A series of five trials were conducted in 2014 to determine the yield and profitability of long season wheats from early sowing opportunities and how management with fungicides and plant growth regulators may influence yield response. Trials were located at Merredin, Eneabba, Kojonup, Katanning and Esperance. They examined 12-24 wheat varieties including Magenta, Trojan, Harper, Yitpi, Calingiri and a number of potential mid to long season varieties in comparison to Mace and other competing mid to short season varieties. Disease management treatments included foliar fungicide, in-furrow fertiliser dressing (IFFD) and plant growth regulator (PGR) treatments (for full details refer to Crop Updates paper - Getting the most out of our long season wheat varieties, Shackley etal 2015).
Although Mace dominated (60%) area sown to wheat in Western Australia in 2014, Calingiri, Yitpi and Magenta were ranked in the top five. These mid to long season varieties make up 20% of the area sown in 2014, indicating a need for longer maturity types to avoid the risk of frost, to take advantage of longer seasons and with good sprouting tolerance.
Magenta and Trojan are currently the most competitive varieties when sown early to mid May in WA.
A major disadvantage of Magenta is its poor sprouting tolerance, however Trojan has moderately good sprouting tolerance (see the 2015 Wheat Variety Guide for Western Australia).
Although agronomy data on the newly released Zen is limited, long term data from NVT suggests that it is a competitive noodle replacement for Calingiri. It should be noted that although these varieties are at less risk to frost exposure than Mace when sown early May, they are still at risk. There is still a requirement for a longer season variety to fill this niche.
There is limited data on the performance of contemporary mid to long season varieties sown early May in the Merredin area. But there is a need to take advantage of early sowing opportunities without increasing the risk of frost or exposure to terminal drought or high temperatures during grain fill. Wheat agronomy and NVT trials have shown Magenta to be competitive with Mace when sown early May. Trojan’s performance in this region is uncertain, the variety tends to perform better under high yielding conditions. Estoc sown early May has performed well on the heavy loam at Merredin over the last two years in the wheat agronomy trials. There is no NVT data available for Estoc over this time frame but Yitpi was competitive with Mace in the favourable season of 2012.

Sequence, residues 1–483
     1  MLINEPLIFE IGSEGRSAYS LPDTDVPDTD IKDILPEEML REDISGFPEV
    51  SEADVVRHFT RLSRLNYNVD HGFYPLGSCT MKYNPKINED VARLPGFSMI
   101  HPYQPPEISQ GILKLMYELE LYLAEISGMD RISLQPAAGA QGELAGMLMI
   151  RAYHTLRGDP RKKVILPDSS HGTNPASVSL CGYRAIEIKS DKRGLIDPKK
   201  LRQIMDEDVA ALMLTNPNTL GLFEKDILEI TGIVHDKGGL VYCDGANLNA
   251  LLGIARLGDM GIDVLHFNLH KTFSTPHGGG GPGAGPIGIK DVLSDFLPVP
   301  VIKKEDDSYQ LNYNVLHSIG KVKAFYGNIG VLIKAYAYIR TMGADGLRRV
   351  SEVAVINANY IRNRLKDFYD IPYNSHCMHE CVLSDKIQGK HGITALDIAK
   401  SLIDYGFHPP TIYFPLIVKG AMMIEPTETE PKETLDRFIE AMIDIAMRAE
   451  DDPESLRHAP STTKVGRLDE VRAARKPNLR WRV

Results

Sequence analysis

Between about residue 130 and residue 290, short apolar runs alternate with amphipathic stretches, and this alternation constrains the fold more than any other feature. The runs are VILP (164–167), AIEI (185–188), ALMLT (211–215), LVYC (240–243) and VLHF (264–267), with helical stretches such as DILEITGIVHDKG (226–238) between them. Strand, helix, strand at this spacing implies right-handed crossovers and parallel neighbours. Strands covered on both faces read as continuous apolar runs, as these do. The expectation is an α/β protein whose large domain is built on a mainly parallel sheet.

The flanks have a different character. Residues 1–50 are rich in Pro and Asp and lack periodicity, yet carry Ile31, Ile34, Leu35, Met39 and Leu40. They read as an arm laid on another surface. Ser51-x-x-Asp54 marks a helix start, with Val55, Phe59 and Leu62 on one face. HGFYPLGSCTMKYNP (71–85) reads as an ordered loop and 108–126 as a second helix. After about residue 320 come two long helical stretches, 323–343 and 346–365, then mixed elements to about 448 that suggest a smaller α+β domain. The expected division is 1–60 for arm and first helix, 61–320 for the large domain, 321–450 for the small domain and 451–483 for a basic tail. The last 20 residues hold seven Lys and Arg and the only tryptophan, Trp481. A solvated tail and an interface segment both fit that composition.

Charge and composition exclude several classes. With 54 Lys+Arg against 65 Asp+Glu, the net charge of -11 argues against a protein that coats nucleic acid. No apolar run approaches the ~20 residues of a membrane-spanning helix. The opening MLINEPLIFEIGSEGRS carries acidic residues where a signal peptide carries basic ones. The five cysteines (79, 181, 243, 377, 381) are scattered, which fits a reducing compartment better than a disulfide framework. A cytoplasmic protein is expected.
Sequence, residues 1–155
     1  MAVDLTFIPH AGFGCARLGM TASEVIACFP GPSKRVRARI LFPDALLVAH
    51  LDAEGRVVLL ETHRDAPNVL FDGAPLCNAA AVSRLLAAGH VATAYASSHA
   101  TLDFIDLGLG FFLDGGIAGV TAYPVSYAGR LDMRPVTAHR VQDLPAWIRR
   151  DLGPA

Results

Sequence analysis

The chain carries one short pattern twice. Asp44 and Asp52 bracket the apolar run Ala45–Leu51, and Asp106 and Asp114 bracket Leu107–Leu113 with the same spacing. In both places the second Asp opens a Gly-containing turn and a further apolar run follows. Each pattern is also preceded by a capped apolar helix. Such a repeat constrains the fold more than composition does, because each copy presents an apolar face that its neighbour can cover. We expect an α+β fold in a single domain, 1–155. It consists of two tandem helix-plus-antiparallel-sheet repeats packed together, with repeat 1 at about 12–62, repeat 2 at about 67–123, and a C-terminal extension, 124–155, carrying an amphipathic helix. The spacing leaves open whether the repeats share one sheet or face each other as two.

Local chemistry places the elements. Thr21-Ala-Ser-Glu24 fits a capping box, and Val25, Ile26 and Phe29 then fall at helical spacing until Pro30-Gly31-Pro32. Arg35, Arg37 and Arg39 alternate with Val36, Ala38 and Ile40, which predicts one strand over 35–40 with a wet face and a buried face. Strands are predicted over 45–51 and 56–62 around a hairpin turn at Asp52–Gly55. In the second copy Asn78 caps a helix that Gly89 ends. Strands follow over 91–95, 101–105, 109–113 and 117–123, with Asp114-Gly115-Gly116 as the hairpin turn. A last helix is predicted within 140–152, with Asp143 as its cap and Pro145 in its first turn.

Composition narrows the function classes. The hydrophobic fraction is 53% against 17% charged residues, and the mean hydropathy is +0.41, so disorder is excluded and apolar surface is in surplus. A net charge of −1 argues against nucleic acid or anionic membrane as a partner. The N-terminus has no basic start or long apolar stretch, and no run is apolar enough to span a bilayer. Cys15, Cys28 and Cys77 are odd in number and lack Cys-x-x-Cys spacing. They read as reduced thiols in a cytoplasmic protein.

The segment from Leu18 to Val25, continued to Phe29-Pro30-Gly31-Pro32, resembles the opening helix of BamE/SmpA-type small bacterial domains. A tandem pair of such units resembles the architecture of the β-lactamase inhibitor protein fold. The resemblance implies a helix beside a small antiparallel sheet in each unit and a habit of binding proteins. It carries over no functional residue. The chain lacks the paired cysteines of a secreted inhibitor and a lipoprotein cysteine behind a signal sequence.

Early sown wheat crops can also be more exposed to leaf diseases such as yellow spot and septoria (stagonospora) nodorum blotch. Results in 2013 and 2014 have shown massive responses to the application of fungicide (0.8 and 1t/ha) when exposed to an intense rotation (wheat on wheat at Eneabba or wheat/canola/wheat at Esperance).
Although Magenta and Trojan are considered medium to low risk for septoria (stagonospora) nodorum and yellow spot, it was not reflected in their yield performance at these sites (Table 1). Similar observations for Trojan have been observed elsewhere (M Peipi pers comm.). Monitoring and managing disease is an important management priority, especially when the leaf disease pressure is high.
If the growing conditions or variety are not conducive to lodging then the use of a PGR will have no benefit (L Forsyth pers comm.). Growing conditions at Katanning and Esperance were not conducive to lodging in 2014. Investigation of the benefits of PGR, particularly to delay flowering is being conducted by the Frost Project funded by GRDC and DAFWA (contact DAFWA Research Officer Ben Biddulph).